6.3Mechanism of action

Last updated: January 2018

Suggested citation: Christensen, D. 6.3 Mechanism of action. In Scollo, MM and Winstanley, MH [editors]. Tobacco in Australia: Facts and issues. Melbourne: Cancer Council Victoria; 2018. Available from http://www.tobaccoinaustralia.org.au/chapter-6-addiction/6-3-mechanism-of-action

Nicotine is an amine (one of a group of compounds that contain nitrogen).1 Nicotine binds to receptors (known as “nicotine acetylcholine receptors”, abbreviated as nAChRs) which are located on the smoker’s muscles and throughout the brain.2 Nicotine stimulates receptors to start a reaction that results in further release of neurotransmitters (chemical messengers that move between nerves, muscles or glands to affect many bodily functions, mood, and behaviour).2, 3  

The nicotine receptors that are located in the brain are composed of five subunits arranged around a central space.2 These subunits vary in the way they respond to nicotine and affect the transfer of electrical impulses so that each can produce a variety of responses to nicotine at different rates and concentrations.4 Animal research suggests that the α4β2 receptor subtype is the main receptor affecting nicotine dependence as eliminating the β2 subunit stops the behavioural responses to nicotine.5 Mutations to the α4 subunit changes the sensitivity to nicotine.6 At low doses, nicotine can stimulate central and peripheral systems resulting in, among other effects, an increase in heart rate or blood pressure.4 However, at high doses, nicotine can block nAChrs, resulting in low blood pressure and changes in the body’s capacity to release adrenaline .7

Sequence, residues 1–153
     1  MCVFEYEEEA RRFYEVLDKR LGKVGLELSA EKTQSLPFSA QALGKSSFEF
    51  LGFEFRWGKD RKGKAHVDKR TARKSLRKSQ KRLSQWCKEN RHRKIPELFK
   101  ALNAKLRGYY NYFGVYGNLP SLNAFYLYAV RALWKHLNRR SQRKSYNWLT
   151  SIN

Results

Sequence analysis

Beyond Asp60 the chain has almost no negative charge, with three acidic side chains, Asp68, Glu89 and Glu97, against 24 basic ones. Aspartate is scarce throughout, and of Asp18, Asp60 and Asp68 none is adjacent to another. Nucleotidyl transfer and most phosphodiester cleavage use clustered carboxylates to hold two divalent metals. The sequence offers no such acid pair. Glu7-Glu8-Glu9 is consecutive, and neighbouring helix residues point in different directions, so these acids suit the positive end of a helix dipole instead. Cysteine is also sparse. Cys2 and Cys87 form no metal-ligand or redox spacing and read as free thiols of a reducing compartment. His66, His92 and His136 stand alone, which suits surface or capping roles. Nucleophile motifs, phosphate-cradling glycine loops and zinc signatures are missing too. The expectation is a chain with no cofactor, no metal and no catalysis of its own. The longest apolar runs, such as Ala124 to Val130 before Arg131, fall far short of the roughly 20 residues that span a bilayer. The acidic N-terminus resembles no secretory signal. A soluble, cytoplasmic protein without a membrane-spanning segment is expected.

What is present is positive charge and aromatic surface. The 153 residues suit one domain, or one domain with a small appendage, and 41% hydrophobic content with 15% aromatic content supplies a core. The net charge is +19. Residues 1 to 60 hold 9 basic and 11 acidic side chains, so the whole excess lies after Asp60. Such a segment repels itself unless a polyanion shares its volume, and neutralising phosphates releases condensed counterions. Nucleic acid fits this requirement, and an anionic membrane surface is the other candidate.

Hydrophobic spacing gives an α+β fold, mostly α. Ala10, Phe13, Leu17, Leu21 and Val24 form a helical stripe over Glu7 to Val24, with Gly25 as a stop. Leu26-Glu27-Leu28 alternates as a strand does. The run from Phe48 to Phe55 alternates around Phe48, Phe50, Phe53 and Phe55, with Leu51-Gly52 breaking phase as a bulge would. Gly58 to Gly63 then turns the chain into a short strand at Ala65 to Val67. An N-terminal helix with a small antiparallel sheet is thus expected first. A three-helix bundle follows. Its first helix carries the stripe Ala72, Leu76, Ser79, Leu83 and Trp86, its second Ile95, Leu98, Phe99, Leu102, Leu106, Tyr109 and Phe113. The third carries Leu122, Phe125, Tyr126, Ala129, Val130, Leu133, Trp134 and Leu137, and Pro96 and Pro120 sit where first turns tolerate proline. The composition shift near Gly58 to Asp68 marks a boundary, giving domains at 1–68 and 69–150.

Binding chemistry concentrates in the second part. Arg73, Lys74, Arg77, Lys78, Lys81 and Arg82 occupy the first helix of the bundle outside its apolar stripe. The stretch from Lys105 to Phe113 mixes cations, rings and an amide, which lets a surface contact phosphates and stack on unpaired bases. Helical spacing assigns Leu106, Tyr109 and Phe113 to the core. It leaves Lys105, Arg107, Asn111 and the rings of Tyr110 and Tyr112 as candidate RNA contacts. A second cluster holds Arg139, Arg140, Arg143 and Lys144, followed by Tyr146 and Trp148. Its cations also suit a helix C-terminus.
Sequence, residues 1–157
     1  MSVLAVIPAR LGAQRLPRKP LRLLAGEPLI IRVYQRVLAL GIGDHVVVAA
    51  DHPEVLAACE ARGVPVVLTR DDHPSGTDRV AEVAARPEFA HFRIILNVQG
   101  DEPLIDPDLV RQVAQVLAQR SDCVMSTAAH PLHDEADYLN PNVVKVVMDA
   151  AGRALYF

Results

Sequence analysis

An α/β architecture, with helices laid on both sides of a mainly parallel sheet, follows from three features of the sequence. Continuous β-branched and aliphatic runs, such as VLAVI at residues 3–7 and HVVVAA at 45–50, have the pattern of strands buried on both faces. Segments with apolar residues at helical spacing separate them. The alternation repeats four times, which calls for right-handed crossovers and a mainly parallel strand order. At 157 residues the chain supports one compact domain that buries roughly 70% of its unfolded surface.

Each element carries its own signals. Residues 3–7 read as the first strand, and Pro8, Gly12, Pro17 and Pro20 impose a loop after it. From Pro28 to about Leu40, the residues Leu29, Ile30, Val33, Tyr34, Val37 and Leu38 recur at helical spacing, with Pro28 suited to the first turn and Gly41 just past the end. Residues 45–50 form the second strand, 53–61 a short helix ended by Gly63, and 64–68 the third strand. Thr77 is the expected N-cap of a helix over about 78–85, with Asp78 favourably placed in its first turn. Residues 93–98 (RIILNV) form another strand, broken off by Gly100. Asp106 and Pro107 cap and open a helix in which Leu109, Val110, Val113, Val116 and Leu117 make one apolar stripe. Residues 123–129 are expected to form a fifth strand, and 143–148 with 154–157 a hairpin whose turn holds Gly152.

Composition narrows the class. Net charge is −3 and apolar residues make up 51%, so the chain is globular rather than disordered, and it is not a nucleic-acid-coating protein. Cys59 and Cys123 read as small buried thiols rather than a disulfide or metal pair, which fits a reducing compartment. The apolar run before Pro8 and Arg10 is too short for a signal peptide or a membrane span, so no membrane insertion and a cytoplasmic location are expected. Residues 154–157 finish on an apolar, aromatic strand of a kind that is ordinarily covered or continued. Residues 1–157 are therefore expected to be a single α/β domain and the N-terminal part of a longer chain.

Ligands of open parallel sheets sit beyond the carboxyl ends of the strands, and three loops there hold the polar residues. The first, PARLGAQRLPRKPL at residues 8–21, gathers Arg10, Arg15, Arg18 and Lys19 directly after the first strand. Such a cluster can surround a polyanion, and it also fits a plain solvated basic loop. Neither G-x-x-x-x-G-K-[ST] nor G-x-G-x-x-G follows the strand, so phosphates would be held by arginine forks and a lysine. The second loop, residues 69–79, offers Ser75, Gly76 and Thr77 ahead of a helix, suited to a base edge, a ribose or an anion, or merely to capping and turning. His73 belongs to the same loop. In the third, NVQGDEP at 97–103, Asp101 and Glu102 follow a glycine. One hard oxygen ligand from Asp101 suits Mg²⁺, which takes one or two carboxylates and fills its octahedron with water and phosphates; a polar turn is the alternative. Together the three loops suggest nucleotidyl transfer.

1. Benowitz NL. Pharmacology of nicotine: Addiction, smoking-induced disease, and therapeutics. Annual Review of Pharmacology and Toxicology, 2009; 49:57–71. Available from: https://www.ncbi.nlm.nih.gov/pubmed/18834313

2. Advocat C, Comaty J, and Julien R, Julien’s primer of drug action.  13th ed New York: Worth Publishers; 2014. Available from: http://www.ncbi.nlm.nih.gov/nlmcatalog/101666863.

3. McKim W and Hancock S, Drugs and behaviour: An introduction to behavioural pharamacology.  7th ed New York: Pearson; 2013.

4. Benowitz N. Clinical pharmacology of nicotine: Implications for understanding, preventing, and teaching tobacco addiction. Clinical Pharmacology & Therapeutics, 2008; 83:531–41. Available from: https://www.ncbi.nlm.nih.gov/pubmed/18305452

5. Picciotto M, Zoli M, Rimondini R, Lean C, Marubio L, et al. Acteylcholine receptors containing the beta2 subunit are involved in the reinforcing properties of nicotine. Nature, 1998; 391:173–7. Available from: https://www.ncbi.nlm.nih.gov/pubmed/9428762

6. Tapper A, CKinney S, Nashmi R, Schwarz J, Deshpande P, et al. Nicotine activation of alpha4* receptors: Sufficient reward, tolerance, and sensitization. Science, 2005; (306):1029–32. Available from: https://www.ncbi.nlm.nih.gov/pubmed/15528443

7. Zevin S, Gourlay SG, and Benowitz NL. Clinical pharmacology of nicotine. Clinics in Dermatology, 1998; 16(5):557–64. Available from: https://www.ncbi.nlm.nih.gov/pubmed/9787965


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